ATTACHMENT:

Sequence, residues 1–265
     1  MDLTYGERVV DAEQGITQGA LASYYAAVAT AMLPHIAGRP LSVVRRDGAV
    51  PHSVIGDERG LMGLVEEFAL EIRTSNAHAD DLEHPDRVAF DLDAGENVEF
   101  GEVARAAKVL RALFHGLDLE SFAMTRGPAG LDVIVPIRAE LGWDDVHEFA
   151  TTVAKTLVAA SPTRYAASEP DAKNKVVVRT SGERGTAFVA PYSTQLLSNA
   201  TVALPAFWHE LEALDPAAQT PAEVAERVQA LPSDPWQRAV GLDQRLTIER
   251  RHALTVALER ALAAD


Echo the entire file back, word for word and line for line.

Sequence, residues 1–265
     1  MDLTYGERVV DAEQGITQGA LASYYAAVAT AMLPHIAGRP LSVVRRDGAV
    51  PHSVIGDERG LMGLVEEFAL EIRTSNAHAD DLEHPDRVAF DLDAGENVEF
   101  GEVARAAKVL RALFHGLDLE SFAMTRGPAG LDVIVPIRAE LGWDDVHEFA
   151  TTVAKTLVAA SPTRYAASEP DAKNKVVVRT SGERGTAFVA PYSTQLLSNA
   201  TVALPAFWHE LEALDPAAQT PAEVAERVQA LPSDPWQRAV GLDQRLTIER
   251  RHALTVALER ALAAD